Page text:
DCSIMG

Big Six energy giants feel the heat over 700% rise in profit

Energy secretary Chris Huhne has welcomed the review planned by Ofgen. Photo: PA

Energy secretary Chris Huhne has welcomed the review planned by Ofgen. Photo: PA

  • by Tom Peterkin, Scottish Political Editor
 

FURY has erupted over rising energy prices after a report by the industry regulator said the average annual profit made by the Big Six companies has jumped to £125 per customer – a rise of 700 per cent.

According to the Ofgem report yesterday, profits on standard dual-fuel deals, where customers receive gas and electricity from the same supplier, had rocketed from the £15 per customer recorded in June.

The dramatic rise follows a spate of price hikes announced in recent weeks by the Big Six energy companies.

The average annual dual fuel bill is now £1,345 compared with £1,105 this time last year.

Although Ofgem said it expected profit margins to drop next year, the regulator’s chief executive Alistair Buchanan said it was “not the case” that customers could be confident that prices are “being set by companies competing in a fully competitive market”.

Rising wholesale prices have been cited by suppliers for the recent spate of tariff hikes, which have angered consumer groups and customers.

But the behaviour of the energy companies was criticised by Ofgem, which said there was a combination of confusing tariffs and lack of transparency meant that “radical change” was still needed in the sector.

The Big Six of British Gas, which trades as Scottish Gas north of the Border, E.ON Energy, EDF Energy, Npower, Scottish & Southern Energy and ScottishPower attempted to defend themselves against a welter of criticism.

But Susan McPhee, head of policy for Citizens Advice Scotland, said: “At a time when Scottish families are struggling to pay their fuel bills, power companies should be doing everything they possibly can to keep prices down.

“With profits like these, it’s difficult to see how they can argue that they are unable to do so. These profits have to be seen in the context of how high fuel bills are and how this is affecting people. CAB advisers see this every day.

Ms McPhee added: “As we head into another Scottish winter, one third of Scots, including pensioners, sick and disabled people and families with young children, will be shivering in their homes because they can’t afford to switch the heating on. This is the reality.”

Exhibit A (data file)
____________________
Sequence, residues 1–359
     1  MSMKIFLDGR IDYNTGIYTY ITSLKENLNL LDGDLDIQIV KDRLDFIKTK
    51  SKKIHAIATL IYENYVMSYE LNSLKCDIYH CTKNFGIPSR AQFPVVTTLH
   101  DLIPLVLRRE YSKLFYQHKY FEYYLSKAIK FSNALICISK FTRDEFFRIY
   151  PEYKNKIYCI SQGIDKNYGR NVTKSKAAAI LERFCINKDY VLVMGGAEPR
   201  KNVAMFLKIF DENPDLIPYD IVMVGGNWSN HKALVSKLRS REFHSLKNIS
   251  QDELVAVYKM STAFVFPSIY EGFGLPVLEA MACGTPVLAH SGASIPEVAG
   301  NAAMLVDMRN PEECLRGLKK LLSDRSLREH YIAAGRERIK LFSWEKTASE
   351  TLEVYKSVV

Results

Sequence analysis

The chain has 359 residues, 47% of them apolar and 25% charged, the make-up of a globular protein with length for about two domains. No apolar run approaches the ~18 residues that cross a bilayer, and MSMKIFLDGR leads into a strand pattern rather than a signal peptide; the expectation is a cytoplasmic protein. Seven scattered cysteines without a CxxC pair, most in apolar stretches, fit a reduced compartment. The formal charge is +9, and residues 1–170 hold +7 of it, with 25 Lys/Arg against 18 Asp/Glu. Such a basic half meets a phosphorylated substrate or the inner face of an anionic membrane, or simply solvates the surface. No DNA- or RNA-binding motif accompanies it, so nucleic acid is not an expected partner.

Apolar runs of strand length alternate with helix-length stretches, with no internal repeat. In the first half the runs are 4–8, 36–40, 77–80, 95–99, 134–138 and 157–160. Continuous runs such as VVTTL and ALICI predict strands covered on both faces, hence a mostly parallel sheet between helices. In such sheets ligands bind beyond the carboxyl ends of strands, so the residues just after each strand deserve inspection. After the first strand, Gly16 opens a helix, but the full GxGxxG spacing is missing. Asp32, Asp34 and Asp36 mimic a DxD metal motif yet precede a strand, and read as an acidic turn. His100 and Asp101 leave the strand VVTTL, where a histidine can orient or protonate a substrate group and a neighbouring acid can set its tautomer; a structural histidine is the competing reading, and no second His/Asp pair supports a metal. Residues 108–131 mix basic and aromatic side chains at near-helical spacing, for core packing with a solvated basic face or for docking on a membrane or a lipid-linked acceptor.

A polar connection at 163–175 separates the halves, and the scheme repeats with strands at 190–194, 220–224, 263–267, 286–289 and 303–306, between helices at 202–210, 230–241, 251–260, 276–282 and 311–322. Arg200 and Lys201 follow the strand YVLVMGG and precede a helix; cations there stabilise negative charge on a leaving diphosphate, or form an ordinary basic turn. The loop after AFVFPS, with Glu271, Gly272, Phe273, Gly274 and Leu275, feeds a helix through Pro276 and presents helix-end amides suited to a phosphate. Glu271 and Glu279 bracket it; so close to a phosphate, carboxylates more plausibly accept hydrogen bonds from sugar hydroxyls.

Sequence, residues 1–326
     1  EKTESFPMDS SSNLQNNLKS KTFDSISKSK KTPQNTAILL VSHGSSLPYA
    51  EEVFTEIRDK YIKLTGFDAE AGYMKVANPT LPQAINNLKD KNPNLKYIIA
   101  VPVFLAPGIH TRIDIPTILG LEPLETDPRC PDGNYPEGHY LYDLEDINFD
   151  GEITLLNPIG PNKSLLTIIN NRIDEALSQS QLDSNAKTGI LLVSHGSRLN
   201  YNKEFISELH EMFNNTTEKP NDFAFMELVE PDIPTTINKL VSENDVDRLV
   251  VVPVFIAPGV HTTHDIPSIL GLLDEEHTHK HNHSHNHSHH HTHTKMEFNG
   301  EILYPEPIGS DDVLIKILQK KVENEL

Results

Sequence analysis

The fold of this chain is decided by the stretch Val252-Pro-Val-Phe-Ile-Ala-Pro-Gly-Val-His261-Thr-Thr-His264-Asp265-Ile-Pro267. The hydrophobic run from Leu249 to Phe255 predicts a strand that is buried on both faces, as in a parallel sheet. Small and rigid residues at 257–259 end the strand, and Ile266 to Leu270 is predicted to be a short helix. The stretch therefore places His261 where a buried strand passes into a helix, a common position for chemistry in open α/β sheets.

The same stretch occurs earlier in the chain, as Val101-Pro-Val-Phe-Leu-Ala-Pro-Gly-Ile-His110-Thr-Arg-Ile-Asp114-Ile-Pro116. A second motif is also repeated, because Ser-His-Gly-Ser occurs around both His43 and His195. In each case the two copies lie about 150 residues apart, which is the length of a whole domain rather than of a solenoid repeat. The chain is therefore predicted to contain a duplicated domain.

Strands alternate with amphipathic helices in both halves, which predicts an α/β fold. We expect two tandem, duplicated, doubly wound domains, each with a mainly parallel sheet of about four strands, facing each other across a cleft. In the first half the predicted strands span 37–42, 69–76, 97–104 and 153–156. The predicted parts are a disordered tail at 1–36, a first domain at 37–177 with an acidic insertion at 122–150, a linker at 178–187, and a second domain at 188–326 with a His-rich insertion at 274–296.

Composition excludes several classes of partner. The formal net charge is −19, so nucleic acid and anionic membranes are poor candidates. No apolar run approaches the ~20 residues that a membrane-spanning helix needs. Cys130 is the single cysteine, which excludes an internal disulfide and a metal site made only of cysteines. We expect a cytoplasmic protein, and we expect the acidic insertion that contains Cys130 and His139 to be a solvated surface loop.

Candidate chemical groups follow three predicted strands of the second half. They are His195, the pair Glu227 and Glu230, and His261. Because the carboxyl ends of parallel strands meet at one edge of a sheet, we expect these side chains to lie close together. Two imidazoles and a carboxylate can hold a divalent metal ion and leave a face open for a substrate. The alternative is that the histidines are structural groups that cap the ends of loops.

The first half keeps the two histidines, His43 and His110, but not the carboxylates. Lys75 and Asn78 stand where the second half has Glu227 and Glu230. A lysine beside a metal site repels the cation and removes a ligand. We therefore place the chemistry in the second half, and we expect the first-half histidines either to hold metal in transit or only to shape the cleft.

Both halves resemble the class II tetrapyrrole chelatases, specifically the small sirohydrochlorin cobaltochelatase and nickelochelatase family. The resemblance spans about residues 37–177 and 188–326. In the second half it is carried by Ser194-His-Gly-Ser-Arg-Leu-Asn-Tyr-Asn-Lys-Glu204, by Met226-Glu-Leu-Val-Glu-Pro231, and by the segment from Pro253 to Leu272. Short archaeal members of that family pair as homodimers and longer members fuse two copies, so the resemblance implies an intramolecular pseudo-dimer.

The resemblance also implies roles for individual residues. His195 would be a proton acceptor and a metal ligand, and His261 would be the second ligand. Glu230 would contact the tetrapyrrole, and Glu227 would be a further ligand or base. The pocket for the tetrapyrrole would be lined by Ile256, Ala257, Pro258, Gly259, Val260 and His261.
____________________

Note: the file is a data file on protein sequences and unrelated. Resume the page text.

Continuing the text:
Ofgem’s prediction was that energy firms’ profit margins will fall to about £90 per customer next year as wholesale prices continue to rise.

But Tim Yeo, the chairman of the House of Commons’ Energy and Climate Change Committee, criticised the rise in profits.

The Conservative MP said it was “evidence of absolutely crass behaviour by the energy companies, with a jump in prices announced in the last few months ahead of what will be a winter in which most families face their highest ever electricity and gas bills.

He added: “The process of trying to switch from one supplier to another is hideously complicated – very off-putting even for quite intelligent people.”

Tom Greatrex MP, Labour’s shadow energy minister, said Scottish customers would be “shocked” but not surprised by the rise in profits.

“With forecasts of a bitter winter looming, it’s more important than ever that families in Scotland are not being ripped off, Mr Greatrex said. “The government has to get a grip on energy bills.

“We need fundamental reform of the energy market, to break the stranglehold of the Big Six, allowing new entrants, increasing competition and driving down energy bills for families and businesses in Scotland.”

Ofgem is overseeing reform of the energy market. As a first move, a new simplified standard tariff will be introduced.

There are more than 400 different tariffs available at present but in future firms will have to offer a no-frills version featuring just the unit price for energy used and the standing charge.

In addition to trying to boost competition by simplifying tariffs, Ofgem is looking at how to reform the wholesale energy markets, which are the places suppliers go to buy their energy.

Ofgem wants to reform those markets to allow greater competition with the big suppliers and will publish proposals in December. The bigger suppliers have an advantage because they generate their own electricity, selling most of it to consumers, with little of it going to wholesale markets.

But earlier in the week. one of the big providers, SSE, announced plans to auction all of its power on the open market. Ofgem has proposed that utilities must auction 20 per cent of their electricity by 2013.

Energy Secretary Chris Huhne, who is due to meet energy companies, consumer groups and the regulator on Monday to ensure that households are given help in saving money on their bills this winter, welcomed Ofgem’s review proposals.

He said: “Both the government and Ofgem are working to boost transparency in billing and increase competition in the energy market to help keep prices down.”

The energy companiesdisputed Ofgem’s analysis. Perth-based SSE said it “did not recognise in any way” Ofgem’s calculation of profits. British Gas also said Ofgem was wrong and its methodology flawed. “Our own audited accounts show that, for the first six months of this year, our margins per dual fuel household were £24 after tax. In 2011, profits will be lower than 2010,” the firm said.

Industry lobby group Energy UK also criticised the Ofgem calculations. Director Christine McGourty said: “A snapshot of profits every few months does not provide a realistic picture of the average profits over a year.”

 

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